There's even more detailed carving inside the cathedral, with just a few coloured spots of light courtesy of the stained glass windows.
I love it when the sun streams through the coloured glass windows and lights up even the darkest nooks and crannies. These arches are in the south aisle of the nave.
In any other location the round arches of the south aisle would attract attention and admiration - they are nine hundred years old after all - but in this building they are largely ignored.
More sun on stained glass. Almost all of the windows are no earlier than Victorian but no less beautiful for that.
In the Lady Chapel you can still see quite a lot of the medieval painted decoration on some detailed carving, albeit much knocked about by Protestant iconoclasts.
I'm very fond of fancy ironwork and especially the wonderful shadows it throws on the walls and floors.
These are the steps that ascend to the pulpit with the shadows of the iron bannister.
The cathedral contains a series of boards on which are recorded all the men of Cambridgeshire who lost their lives in the Great War. Those two Wilsons at the bottom were my grandmother's two brothers.
This memorial is to a gentleman who was the treasurer for the Duke of Bedford's company engaged in the draining of the peat fens during the eighteenth century. I'm amused by his name: Gotobed East! You might think he must have been a particularly hyperactive child for his parents to have Christened him Go to bed (!) but it's probably just the old tradition around these parts of naming children with their grandmothers' maiden names. Gotobed is a well-known, if uncommon, name around here - they fit in just fine with the Hunneybuns and Puddifoots. If I were named after my two grannies my first names would be Skipp Wilson - not bad at all.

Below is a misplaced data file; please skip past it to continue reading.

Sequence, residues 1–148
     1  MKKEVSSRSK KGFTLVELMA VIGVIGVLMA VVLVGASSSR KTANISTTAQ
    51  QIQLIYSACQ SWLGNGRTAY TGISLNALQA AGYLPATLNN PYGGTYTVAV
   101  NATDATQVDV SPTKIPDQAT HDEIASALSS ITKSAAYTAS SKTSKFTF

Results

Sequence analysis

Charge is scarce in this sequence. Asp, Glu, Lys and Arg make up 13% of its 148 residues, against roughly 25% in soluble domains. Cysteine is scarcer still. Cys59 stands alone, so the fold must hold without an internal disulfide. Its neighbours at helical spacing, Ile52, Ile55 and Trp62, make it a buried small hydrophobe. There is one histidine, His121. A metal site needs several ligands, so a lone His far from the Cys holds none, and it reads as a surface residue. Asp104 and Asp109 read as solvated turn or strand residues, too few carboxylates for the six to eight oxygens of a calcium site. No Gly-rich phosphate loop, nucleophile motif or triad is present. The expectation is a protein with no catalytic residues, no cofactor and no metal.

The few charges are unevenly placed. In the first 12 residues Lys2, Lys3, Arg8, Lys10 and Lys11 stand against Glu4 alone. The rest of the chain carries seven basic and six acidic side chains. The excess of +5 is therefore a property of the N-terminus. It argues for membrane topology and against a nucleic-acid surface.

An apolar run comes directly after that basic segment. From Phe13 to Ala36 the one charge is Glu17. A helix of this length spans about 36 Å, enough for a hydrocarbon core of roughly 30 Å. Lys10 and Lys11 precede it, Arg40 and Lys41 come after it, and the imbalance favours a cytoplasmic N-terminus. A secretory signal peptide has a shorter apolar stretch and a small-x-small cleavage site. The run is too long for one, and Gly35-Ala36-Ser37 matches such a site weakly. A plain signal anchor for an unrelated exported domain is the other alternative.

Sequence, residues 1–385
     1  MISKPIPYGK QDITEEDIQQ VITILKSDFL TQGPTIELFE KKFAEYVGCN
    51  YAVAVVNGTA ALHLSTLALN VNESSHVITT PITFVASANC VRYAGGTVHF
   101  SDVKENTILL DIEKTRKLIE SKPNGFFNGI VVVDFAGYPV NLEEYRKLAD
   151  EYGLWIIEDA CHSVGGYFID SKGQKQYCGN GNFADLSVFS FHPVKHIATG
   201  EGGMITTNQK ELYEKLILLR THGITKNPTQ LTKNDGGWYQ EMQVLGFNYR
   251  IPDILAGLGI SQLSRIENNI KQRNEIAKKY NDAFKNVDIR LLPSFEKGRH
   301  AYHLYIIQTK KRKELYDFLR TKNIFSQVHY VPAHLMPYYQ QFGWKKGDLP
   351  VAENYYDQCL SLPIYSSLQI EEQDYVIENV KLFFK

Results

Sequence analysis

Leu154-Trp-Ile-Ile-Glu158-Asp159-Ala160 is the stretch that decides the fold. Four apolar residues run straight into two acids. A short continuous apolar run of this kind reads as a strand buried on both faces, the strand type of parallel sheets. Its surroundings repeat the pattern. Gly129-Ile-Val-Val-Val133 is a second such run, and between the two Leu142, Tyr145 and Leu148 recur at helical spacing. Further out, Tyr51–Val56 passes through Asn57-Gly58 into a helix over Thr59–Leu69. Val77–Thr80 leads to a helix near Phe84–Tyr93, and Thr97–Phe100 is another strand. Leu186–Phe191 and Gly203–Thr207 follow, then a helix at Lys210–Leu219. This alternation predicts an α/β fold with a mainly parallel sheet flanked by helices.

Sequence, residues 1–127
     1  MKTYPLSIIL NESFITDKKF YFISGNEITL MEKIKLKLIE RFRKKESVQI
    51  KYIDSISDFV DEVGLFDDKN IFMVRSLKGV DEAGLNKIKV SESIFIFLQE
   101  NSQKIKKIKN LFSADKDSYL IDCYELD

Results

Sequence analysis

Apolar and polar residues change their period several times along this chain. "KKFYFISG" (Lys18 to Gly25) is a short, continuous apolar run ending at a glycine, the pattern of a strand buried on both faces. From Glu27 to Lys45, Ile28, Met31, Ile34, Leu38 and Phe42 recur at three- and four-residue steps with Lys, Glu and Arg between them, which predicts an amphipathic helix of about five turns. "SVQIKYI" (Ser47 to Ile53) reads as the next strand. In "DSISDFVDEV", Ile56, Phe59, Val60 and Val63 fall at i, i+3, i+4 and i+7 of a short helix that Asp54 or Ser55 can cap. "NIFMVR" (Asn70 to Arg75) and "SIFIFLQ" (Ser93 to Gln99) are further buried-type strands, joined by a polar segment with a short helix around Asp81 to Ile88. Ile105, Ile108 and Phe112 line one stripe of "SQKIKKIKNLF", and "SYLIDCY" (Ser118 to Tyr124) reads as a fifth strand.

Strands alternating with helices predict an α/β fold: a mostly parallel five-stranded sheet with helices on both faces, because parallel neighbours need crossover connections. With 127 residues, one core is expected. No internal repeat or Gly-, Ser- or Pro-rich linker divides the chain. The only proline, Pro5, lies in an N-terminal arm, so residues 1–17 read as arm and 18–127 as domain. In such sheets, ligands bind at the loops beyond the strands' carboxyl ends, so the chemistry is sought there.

And we'll finish off with another peep at the Christmas tree in the Octagon.
Music On Friday
I suppose I should include some church music here but I feel like something a little more like the carving - lively and elaborate. This at least wouldn't sound out of place in church and its title recalls a cathedral. One of its names is "Paul's Steeple" - from the spire on St Paul's Cathedral in London.
"Hang on a minute! St Paul's has a dome not a steeple!". Ah, but the old church that was destroyed in the Great Fire did have steeple and this is a very old piece of music.
To anyone who ever tootled on a recorder or bashed a tambourine as a six-year-old that must be quite a revelation.
In Cambridgeshire there are several landmarks you always scan the horizon for on a clear day: Rivey Hill water tower, the chimneys of Addenbrookes Hospital, the radio telescopes at Lords Bridge, Barrington cement works and Ely Cathedral. The Cathedral has them all beat in terms of both age and beauty.